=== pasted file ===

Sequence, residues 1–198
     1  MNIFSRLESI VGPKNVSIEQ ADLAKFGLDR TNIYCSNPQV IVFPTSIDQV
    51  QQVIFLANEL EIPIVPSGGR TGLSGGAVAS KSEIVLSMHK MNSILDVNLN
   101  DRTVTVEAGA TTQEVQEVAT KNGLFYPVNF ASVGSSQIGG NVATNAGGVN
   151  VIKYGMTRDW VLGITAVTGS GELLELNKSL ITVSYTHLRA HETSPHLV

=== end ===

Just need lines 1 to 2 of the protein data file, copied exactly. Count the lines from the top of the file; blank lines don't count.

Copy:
Sequence, residues 1–198
     1  MNIFSRLESI VGPKNVSIEQ ADLAKFGLDR TNIYCSNPQV IVFPTSIDQV